“Because,” she said, “it is not common for a black person to be sitting in a white person’s car getting a lift. If people could see me they would say ‘Eish! What is that woman doing with those white people?’ So,” she finished with a confident nod, “because you have stopped for me, I think you will have many blessings.” When we reached the center of her village (a crossroads) she climbed out of N’doto and thanked us saying, “Sharp, very sharp!” which is a Batswana expression meaning ‘very good.’ Then she crossed the road and joined a group of woman waiting for lifts in the opposite direction. As we drove away I looked back to see her smiling broadly and telling the story of how she got a lift from two white people in an old Landy.

My blessings came all too soon. Twenty kilometers down the road a group of two women, three children, and a man, stood along the road. There was no village in sight and the area was heavily populated with elephants and other wild animals. When the man saw that we were foreigners, his arm fell by his side, as he did not expect us to stop.
“Do you think we have room for all of them?” Scott asked taking his foot off the gas.
“Sure!” and we stopped and reversed. It turned out that only one woman and her two children, aged 1 and 3 needed a lift. “Oh, then we can all sit in front,” I said. “I’ll hold the little girl on my lap.” Again, I straddled the gear stick. The baby boy was soon sound asleep in his mother’s arms, a Mona Lisa smile played on his lips and around his eyes while he slept. What is he dreaming about, I thought. Elephants? Monkeys?  Food? As we drove I tried to engage the little girl on my lap. Her mother told me that her name was Fuchsia. She smelled sweet, like a flower, so that made sense. “Aren’t you beautiful!” I said looking down at her little face. Each time I said something she nodded exactly twice, always looking me directly in the eyes taking my strange words seriously. But she never made a sound. Ah, what an angel, I thought. After a while her lids grew heavy and she stopped staring into my eyes and fell fast asleep. It felt so cozy to cradle a youngster in my arms. Scott looked at me and smiled knowing that I was happy as a clam. Fuchsia, bundled up in too many clothes as African children always are no matter how hot the day, was becoming warm in my arms. Too warm. She was in the deepest sleep I have ever seen. Why is it that a sleeping body is so much heavier than a waking one? My arm was going numb. Now she was as heavy as an eight year old. I shifted position and let her head drop onto Scott’s arm, hoping she would wake up. No luck. It was as if she was in a coma. I was beginning to sweat. Then, without warning, my lap became super heated. And damp. Then soaking wet. It was coming from Fuchsia or more precisely, Fuchsia’s bottom. “Uh oh,” I whispered to Scott. “No Pampers north of the Limpopo.”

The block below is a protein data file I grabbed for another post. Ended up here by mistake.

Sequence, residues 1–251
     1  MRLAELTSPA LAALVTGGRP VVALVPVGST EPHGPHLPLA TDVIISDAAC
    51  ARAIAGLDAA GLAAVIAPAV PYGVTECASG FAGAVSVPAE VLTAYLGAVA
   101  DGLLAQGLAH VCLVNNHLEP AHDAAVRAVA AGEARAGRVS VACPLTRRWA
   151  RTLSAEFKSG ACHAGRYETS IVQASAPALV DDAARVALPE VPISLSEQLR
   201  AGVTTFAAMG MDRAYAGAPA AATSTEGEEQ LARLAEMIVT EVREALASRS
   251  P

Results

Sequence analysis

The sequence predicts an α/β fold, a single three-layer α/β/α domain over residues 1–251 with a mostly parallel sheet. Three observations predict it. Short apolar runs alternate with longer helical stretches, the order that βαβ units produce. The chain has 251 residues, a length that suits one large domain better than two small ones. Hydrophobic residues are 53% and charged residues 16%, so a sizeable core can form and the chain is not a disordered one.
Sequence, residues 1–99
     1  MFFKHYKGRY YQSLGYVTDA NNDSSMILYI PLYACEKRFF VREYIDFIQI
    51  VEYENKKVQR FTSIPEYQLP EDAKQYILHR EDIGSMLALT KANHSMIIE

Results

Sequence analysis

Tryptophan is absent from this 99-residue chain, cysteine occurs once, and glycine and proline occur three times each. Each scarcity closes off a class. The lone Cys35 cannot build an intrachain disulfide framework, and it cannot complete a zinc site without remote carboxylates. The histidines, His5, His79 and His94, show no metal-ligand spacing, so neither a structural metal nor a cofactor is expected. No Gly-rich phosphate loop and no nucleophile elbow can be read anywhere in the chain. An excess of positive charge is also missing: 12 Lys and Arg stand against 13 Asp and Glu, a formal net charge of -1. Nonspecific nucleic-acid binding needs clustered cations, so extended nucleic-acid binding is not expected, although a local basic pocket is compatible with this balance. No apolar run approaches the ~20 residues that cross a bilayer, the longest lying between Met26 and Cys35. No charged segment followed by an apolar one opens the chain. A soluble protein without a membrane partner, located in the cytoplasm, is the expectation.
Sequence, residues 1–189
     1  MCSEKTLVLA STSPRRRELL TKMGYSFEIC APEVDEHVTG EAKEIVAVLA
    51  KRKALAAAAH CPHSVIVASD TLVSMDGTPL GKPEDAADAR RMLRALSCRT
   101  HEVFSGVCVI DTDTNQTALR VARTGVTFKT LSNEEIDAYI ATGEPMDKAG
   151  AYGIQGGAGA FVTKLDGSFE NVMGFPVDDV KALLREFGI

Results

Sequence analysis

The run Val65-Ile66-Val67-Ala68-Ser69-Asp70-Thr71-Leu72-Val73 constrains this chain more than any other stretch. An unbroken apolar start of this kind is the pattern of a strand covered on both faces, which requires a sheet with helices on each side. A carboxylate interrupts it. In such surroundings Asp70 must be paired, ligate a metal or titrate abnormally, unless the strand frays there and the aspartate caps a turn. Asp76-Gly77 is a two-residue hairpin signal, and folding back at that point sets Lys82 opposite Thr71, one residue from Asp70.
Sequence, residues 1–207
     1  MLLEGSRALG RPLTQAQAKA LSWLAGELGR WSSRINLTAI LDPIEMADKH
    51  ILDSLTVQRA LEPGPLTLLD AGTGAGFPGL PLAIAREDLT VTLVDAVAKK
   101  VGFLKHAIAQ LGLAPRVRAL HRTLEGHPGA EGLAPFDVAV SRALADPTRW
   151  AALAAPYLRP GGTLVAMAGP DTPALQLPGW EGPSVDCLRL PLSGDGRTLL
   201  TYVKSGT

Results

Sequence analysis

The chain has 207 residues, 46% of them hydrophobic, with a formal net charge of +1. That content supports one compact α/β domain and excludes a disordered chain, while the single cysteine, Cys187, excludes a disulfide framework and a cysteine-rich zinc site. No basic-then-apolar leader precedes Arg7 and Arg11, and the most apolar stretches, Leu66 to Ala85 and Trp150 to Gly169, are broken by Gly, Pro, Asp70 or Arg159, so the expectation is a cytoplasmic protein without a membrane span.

When we reached the town where the woman lived with her husband and two children, I handed Fuchsia to her mother and indicated that Fuchsia had had an accident by pointing to my sopping wet jeans. The mother chuckled, as embarrassed moms whose babies pee on people who give them a lift do and she let me change into dry clothes in her home.

The good news is, while there might not be Pampers disposable diapers north of The Limpopo, there is Feta. There’s also a “Wet Wipes” type product, which I used with vigor on the middle seat of N’doto. But we have become bad people. Every time there is an off odor in the car we blame it on a little girl named Fuchsia.

Teresa O'Kane
Kasane, Botswana

Want to know more about our bush taxi experiences over ten months Casablanca to Cape Town?
Safari Jema, A Journey of Love and Adventure from Casablanca to Cape Town